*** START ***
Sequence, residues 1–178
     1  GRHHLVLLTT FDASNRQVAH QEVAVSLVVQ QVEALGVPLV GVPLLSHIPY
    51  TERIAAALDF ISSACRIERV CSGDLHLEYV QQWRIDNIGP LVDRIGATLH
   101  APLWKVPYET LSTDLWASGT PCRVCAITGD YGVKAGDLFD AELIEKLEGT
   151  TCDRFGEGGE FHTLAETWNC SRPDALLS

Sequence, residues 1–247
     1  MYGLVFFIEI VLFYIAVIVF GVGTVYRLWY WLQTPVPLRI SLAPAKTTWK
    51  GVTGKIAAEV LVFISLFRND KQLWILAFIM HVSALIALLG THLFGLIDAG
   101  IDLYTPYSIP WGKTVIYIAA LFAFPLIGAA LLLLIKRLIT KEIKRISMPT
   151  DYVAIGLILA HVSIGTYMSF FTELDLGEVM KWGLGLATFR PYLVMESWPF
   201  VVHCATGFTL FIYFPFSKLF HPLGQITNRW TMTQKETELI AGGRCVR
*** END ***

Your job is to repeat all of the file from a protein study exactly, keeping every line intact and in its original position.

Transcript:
Sequence, residues 1–178
     1  GRHHLVLLTT FDASNRQVAH QEVAVSLVVQ QVEALGVPLV GVPLLSHIPY
    51  TERIAAALDF ISSACRIERV CSGDLHLEYV QQWRIDNIGP LVDRIGATLH
   101  APLWKVPYET LSTDLWASGT PCRVCAITGD YGVKAGDLFD AELIEKLEGT
   151  TCDRFGEGGE FHTLAETWNC SRPDALLS

Sequence, residues 1–247
     1  MYGLVFFIEI VLFYIAVIVF GVGTVYRLWY WLQTPVPLRI SLAPAKTTWK
    51  GVTGKIAAEV LVFISLFRND KQLWILAFIM HVSALIALLG THLFGLIDAG
   101  IDLYTPYSIP WGKTVIYIAA LFAFPLIGAA LLLLIKRLIT KEIKRISMPT
   151  DYVAIGLILA HVSIGTYMSF FTELDLGEVM KWGLGLATFR PYLVMESWPF
   201  VVHCATGFTL FIYFPFSKLF HPLGQITNRW TMTQKETELI AGGRCVR